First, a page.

What's with the Hate for "WAP"?
// Image courtesy of Frank Schwichtenberg
On August 7, 2020, Cardi B and Megan Thee Stallion released “WAP”, a song with explicit content to the point that most radio stations couldn’t air it. Regardless, that didn’t stop the song from topping the charts and claiming the number one spot for multiple weeks. While many audiences first streamed it on Spotify, viewed its music video, or danced along on TikTok, some first heard the lyrics on The Ben Shapiro Show, a Daily Wire production hosted by conservative commentator Ben Shapiro. His partial reading of the song concluded with a, fairly honest, declaration that “it gets really, uh, really, really, really, really vulgar.”
The reading went viral for his entertaining vocal inflections and his later Tweeted pronouncement that his wife, who happens to be a physician, had informed him that the song’s eponymous bodily reaction was not to be expected during the primary activity referenced in the song. He sarcastically concluded that “this is what feminists fought for. This is what the feminist movement was all about. It’s not really about women being treated as full rounded human beings[...] And if you say anything different, you’re a misogynist, you see.” Shapiro’s remarks were widely derided. Yet, a contingent of conservatives, including Congressional candidate James P. Bradley, joined him. This leaves us with a question deserving of some examination: does a song like WAP support or harm the fight for feminism?
First off, not every action someone takes has to be in furtherance of their social goals. Not every song by a Black artist has to be an ode to racial justice. Not every joke by a gay comedian must decimate homophobia. However, there is an argument to be made that “WAP” does further the goal of feminism. Merriam-Webster defines feminism as “the theory of the political, economic, and social equality of the sexes.” A respondent on CBS News described it as equal respect. One member on an India Today panel described feminism as being able to do what men do in a social context, without challenge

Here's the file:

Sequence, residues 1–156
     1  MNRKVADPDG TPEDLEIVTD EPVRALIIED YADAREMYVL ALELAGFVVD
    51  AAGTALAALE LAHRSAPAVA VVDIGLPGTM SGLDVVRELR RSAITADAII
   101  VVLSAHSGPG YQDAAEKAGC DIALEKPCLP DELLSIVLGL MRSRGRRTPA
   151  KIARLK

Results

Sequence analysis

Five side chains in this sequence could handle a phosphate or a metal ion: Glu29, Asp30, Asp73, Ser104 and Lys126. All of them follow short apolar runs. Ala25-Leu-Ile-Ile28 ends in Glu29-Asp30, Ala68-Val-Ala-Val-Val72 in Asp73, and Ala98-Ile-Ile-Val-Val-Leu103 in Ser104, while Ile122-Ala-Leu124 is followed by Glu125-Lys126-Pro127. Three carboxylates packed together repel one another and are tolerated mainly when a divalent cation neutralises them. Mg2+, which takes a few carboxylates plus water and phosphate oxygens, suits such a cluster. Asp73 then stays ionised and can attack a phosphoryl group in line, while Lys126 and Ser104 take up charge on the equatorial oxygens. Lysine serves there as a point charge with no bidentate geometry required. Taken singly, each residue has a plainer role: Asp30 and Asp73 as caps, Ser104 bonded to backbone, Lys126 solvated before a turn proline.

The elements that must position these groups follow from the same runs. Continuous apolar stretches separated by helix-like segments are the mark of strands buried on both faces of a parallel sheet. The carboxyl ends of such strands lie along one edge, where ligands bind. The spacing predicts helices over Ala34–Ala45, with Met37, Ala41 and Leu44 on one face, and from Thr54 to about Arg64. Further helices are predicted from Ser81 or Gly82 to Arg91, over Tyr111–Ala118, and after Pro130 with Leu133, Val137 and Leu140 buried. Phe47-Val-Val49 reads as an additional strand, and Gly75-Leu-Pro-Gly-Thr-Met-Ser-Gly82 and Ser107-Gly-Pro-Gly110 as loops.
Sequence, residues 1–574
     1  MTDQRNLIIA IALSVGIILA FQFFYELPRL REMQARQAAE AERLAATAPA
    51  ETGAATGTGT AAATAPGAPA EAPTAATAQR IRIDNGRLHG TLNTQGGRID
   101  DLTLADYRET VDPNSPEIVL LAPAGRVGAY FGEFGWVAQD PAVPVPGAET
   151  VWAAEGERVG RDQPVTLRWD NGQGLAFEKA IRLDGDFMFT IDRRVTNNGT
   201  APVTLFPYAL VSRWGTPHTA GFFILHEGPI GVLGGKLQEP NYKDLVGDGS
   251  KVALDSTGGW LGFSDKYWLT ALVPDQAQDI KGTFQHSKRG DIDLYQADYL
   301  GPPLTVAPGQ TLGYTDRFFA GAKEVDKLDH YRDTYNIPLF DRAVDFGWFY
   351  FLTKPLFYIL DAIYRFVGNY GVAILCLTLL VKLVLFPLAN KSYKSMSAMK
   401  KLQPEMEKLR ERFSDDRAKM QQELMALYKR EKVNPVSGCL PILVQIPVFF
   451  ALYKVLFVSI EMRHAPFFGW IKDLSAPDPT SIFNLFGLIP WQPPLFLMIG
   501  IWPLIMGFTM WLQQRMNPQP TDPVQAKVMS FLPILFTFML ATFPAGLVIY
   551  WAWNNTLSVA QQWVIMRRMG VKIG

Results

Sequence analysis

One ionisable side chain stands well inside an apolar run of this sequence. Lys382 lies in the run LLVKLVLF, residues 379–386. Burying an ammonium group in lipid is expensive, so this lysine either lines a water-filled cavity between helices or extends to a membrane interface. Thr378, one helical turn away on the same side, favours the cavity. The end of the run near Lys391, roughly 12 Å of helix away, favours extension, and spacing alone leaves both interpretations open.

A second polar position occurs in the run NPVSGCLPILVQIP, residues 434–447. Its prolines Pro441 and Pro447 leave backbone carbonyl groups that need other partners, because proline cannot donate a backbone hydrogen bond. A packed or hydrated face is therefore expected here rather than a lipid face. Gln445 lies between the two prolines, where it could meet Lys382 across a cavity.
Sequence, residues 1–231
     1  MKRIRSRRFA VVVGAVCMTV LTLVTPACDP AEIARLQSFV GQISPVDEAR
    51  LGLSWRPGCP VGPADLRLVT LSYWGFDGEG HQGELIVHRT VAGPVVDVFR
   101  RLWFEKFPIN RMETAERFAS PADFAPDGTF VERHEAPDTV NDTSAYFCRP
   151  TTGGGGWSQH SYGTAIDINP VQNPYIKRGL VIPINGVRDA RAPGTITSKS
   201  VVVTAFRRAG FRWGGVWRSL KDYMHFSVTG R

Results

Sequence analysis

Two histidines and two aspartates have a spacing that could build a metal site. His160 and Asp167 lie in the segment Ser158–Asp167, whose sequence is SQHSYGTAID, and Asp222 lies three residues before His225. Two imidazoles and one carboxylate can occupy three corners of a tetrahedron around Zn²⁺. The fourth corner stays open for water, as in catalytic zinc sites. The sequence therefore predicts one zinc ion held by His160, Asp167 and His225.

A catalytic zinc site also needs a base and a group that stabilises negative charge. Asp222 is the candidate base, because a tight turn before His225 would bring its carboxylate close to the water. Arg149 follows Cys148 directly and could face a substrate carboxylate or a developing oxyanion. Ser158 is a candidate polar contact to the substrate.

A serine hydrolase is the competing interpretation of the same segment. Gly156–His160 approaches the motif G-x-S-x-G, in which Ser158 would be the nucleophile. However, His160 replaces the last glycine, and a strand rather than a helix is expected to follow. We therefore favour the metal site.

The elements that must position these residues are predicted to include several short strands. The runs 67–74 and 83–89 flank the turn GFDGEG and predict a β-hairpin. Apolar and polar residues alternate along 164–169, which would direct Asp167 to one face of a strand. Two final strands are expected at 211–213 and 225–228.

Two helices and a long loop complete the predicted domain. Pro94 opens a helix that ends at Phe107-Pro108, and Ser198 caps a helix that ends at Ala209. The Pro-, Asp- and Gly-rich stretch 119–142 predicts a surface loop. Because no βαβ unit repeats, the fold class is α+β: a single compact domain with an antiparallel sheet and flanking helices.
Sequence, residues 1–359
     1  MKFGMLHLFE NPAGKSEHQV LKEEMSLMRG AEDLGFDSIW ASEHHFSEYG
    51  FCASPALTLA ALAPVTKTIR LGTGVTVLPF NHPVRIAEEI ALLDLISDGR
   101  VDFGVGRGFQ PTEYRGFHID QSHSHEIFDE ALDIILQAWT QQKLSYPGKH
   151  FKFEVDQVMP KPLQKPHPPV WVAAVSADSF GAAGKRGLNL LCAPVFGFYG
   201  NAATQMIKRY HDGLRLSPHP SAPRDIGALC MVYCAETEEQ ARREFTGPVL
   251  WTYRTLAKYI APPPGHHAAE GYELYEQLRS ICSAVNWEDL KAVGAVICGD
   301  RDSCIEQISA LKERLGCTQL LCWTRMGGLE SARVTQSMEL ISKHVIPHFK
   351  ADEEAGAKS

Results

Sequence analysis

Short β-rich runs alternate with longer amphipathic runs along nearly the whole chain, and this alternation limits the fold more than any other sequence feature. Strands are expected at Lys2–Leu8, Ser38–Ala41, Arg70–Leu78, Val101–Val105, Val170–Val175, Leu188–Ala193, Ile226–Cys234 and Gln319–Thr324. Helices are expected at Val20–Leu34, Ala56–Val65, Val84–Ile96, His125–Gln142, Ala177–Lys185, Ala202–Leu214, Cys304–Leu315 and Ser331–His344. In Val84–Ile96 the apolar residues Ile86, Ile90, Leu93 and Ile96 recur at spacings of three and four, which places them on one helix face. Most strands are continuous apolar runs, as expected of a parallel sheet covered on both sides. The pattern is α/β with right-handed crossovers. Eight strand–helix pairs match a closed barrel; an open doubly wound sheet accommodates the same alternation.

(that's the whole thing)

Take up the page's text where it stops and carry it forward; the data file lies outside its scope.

The men who dominate the songwriting industry have delivered some incredibly raunchy lyrics in the past, lyrics we’re not going to quote here. This goes, for the most part, unchallenged. Women writers have delivered some similar lyrics, often as a verse in a male songwriter’s track or as independent artists without the scrutiny of fame. But overall, men have directed discourse on many topics, including sex, for millennia. For a woman to be speaking— or in this case, rapping— explicitly and independently about sex, and having this message be heard more than any other artist of any other song for more than a month, is something that triggered some commentators. Why can’t a woman having the power to share anything that a man can with the same clarity be something that contributes to feminism, not diminishes it? Of course, this song would be unsuitable for an episode of Sesame Street. But the world isn’t PBS.his song is on sections of the media where people have opted into rated-R content, where explicit conversations over a beat are commonplace. An acceptance of this song isn’t acceptance of vulgarity, it’s equal treatment of equivalent actions in equivalent social contexts— regardless of gender.
Additionally, the many people who scorned the women in “WAP” for disrespecting their own bodies are confusing sexualization for disrespect. Expressing sexuality has never been disrespectful for men, with “locker room talk” accepted in this nation’s highest political office. Nothing in the song was implied to be non-consensual or coerced. Mutually consensual activity isn’t disrespectful, it’s just that women have not been given the same outlet to discuss it. Non-consensual activity is. It’s reclaiming the right to use one’s voice and power to speak about whatever they wish If these commentators don’t spend the same time and energy to discredit the many men who use their voice to sexualize women— often in ways that literally blur the lines of consent— they can’t suddenly pretend to find their voice when women speak of consensual actions.
Irrespective of whether you agree with the power of “WAP” to advance to fight for feminism, with the record-breaking success of the song, you’ve got to agree that if there’s “nothing in this world that [Cardi B] likes more than checks,” she definitely got her wish.
// Chukwudi Ilozue '24 is a guest writer for The Darker Side.